Mel Gibson has not even finished his movie The Passion, a super-realistic depiction of the crucifixion of Christ, and already he is under attack.
The film, which will not be released to the public until 2004, is realistic to the point of having its characters speak in Aramaic. Its vivid portrayal of the suffering of Christ-showing what crucifixion entailed and the extent of the tortures Christ endured-is, according to those who have screened the movie, extraordinarily moving.
But this cinematic passion play has stirred up enormous controversy. Part of it is doubtless due to what WORLD's Marvin Olasky has termed "Christophobia." In today's culture, vague spirituality, do-goodism, and multicultural appreciation for the world's religions are acceptable, but focusing on Jesus Christ is just too shocking to bear. He remains the stumbling block.
But the specific attacks against Mr. Gibson's movie have to do with worries about how it might portray the Jews. Because of its fidelity to the Gospel accounts, many people just know that it is going to be anti-Semitic. This is because it will show Jews, as well as Romans, involved in the decision to crucify Jesus.
The Anti-Defamation League, which fights prejudice against Jews, is castigating the project. But so are pundits who are not Jewish. According to Boston Globe columnist James Carroll, "a faithful repetition of the Gospel stories of the death of Jesus can do damage exactly because those sacred texts themselves carry the virus of Jew hatred."
Most of these critics have not even seen the movie. One group, though, an ad hoc committee of the U.S. bishops' Secretariat for Ecumenical and Interreligious Affairs, an association of liberal Catholics and Jews, did receive an early copy of the script. One of the members, Boston University religion professor Paula Fredriksen, blasted the film in a New Republic article titled "Mad Mel." She called it an "anti-historical, anti-intellectual, anti-Semitic film about the crucifixion."
A good part of her complaint stems from her higher-critical approach to the Scriptures. She insists that the Gospels are not reliable historically. Therefore, Mr. Gibson's reliance on them is "anti-historical" and "anti-intellectual."
The anti-Semitism charge goes back to the way Jews have been persecuted in the past as "Christ-killers." It is understandable that many Jewish people would be nervous, lest a powerful depiction of Christ's suffering stir up that old excuse to start a pogrom.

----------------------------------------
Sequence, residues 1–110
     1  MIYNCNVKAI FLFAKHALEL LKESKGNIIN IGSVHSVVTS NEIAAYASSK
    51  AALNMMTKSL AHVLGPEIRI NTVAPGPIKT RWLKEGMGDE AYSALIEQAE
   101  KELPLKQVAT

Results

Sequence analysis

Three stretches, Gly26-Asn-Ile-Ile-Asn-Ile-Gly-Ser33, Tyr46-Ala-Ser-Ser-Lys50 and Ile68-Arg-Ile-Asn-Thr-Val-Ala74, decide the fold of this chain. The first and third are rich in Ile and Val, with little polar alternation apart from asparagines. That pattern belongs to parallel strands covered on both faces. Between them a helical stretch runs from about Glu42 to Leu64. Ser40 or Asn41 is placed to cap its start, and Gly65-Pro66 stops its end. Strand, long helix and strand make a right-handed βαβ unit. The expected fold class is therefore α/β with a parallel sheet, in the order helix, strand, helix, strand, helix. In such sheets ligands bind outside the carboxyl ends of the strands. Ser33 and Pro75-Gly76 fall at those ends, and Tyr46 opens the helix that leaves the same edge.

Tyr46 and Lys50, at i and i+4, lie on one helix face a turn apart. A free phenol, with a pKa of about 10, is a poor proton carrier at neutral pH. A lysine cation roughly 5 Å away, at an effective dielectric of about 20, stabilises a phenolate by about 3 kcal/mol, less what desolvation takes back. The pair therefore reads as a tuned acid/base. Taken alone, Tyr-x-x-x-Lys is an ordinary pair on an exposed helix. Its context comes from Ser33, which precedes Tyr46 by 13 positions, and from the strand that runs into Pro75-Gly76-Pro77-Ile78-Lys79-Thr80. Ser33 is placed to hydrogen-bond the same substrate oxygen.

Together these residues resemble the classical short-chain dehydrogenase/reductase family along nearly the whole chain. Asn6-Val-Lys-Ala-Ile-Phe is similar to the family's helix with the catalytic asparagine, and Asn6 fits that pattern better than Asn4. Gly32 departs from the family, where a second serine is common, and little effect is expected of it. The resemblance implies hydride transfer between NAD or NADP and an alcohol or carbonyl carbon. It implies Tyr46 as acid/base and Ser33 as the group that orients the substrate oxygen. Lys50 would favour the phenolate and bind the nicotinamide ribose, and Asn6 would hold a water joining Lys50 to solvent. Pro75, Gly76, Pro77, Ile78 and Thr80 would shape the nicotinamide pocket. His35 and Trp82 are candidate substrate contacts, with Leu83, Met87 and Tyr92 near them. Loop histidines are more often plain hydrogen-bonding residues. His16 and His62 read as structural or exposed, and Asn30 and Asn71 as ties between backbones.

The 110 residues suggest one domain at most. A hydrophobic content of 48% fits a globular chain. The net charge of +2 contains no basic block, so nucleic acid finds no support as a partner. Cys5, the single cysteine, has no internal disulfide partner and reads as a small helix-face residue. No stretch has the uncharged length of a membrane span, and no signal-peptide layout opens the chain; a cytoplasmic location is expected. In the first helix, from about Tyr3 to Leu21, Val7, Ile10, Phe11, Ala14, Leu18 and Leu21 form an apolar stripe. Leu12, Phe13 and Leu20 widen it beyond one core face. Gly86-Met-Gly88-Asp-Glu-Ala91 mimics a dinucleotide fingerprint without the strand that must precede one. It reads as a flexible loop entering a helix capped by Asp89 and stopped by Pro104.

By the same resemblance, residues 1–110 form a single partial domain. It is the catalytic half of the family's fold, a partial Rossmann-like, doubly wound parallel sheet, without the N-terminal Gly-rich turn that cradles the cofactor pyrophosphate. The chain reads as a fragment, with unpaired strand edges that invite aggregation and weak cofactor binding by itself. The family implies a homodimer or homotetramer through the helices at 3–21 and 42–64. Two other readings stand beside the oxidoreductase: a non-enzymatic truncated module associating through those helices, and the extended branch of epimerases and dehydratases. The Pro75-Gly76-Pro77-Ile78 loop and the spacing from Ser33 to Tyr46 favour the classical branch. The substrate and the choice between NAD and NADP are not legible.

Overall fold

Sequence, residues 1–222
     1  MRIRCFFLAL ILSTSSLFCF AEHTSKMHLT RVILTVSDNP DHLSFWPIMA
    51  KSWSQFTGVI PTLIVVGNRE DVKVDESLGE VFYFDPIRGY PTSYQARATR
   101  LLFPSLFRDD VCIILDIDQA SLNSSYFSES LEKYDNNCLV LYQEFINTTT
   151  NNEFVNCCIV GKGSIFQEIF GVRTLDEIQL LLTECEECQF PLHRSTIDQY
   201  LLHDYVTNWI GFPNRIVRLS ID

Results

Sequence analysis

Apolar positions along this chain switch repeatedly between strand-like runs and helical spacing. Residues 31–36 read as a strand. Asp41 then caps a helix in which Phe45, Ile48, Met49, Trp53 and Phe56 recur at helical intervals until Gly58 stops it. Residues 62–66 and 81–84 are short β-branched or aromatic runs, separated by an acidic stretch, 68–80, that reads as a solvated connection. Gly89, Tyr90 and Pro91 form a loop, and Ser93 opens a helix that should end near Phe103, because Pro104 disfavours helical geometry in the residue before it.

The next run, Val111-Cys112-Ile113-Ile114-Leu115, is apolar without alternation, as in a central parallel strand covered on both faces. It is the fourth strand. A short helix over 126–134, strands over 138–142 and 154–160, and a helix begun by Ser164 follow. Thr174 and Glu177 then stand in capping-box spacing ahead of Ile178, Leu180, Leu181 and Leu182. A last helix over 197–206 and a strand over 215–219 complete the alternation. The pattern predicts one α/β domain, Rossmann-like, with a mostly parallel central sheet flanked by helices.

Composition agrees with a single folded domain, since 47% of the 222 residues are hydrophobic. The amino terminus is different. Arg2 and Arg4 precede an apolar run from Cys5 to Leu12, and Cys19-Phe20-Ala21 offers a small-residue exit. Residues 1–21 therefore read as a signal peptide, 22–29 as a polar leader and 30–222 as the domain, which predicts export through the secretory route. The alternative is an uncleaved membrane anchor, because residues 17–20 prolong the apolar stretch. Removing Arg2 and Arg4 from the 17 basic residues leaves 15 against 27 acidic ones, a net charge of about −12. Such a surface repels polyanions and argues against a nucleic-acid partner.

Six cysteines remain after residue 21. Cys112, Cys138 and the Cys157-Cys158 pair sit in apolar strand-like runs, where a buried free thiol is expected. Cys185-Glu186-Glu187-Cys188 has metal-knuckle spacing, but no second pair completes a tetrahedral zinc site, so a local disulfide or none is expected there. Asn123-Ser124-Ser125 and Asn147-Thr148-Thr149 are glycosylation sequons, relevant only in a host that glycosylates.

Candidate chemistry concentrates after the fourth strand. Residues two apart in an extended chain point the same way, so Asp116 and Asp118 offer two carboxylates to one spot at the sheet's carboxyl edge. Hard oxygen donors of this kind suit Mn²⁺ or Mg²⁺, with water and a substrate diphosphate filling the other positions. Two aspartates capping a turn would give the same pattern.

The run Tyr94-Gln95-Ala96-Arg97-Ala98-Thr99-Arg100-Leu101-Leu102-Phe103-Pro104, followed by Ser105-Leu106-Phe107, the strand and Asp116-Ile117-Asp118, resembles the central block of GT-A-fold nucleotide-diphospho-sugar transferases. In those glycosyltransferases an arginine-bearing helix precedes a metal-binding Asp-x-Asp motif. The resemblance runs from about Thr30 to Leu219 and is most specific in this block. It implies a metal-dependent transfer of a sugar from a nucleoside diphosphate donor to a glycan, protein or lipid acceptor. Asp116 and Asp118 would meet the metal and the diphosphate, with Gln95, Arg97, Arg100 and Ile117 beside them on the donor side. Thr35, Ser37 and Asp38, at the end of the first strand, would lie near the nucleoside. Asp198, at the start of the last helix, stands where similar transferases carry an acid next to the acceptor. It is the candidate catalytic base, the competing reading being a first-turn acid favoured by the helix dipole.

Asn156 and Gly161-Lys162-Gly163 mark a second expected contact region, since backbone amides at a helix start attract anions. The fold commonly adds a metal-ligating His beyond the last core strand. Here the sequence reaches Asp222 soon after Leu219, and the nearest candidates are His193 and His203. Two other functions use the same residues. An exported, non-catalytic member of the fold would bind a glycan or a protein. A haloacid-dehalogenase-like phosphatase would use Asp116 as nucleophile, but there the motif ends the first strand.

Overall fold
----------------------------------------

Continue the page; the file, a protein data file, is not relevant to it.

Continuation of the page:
In light of those fears, groups seeking to improve the relationship between Christians and Jews have shifted the blame to the Romans, specifically to Pontius Pilate. They argue that execution by crucifixion was a distinctly Roman punishment designed to terrify conquered peoples from rebelling against their rule. According to this position, the Romans were punishing Christ for being subversive of the rule of Caesar.
The blame game, though, completely misses the point. The crucifixion of Christ was indeed horrible, tragic, a subject worthy of the greatest lamentations. But, according to Christianity, Christ's crucifixion is one of the best things to ever happen.
Many people assume that the death of Jesus cut short a great life, that if Jesus had only lived longer, who knows what a great influence He might have had on society. But the importance of the cross is that with His sufferings, Jesus atoned for the sins of sinners from "all tribes and peoples and languages," pulling onto Himself all of the punishment that they deserve so that they can have free forgiveness and everlasting life.
Every Christian must confess that "it was my sins"-not Jews or Romans as such-"that put Jesus on the cross." Indeed, this is exactly what Mr. Gibson has been saying in trying to address his critics, a confession that confirms his personal faith. When the mob shouted, "His blood be on us and on our children!" (Matthew 27:25), they did not realize it, but they were invoking the only hope anyone can have. The blood of Christ "on us" is our-and their-salvation.
The anti-Semites who murdered Jews as "Christ-killers" clearly knew nothing of the gospel of the cross, and so can hardly be described as Christians. Christ died "according to the definite plan and foreknowledge of God" (Acts 2:23) and by Christ's own will (John 10:17-18). The whole point of the cross is that blame of every kind is removed.
The controversy over the Mel Gibson movie is a testimony to the failure of Christians to communicate effectively what they believe. Secularists, by and large, think Christianity is all about moralism, with good people going to heaven and bad people going to hell. They have no idea that Christianity is really all about grace, forgiveness, God becoming flesh, Christ giving His life and rising again for the salvation of sinners.
Maybe a movie on the centrality of the cross can set the record straight.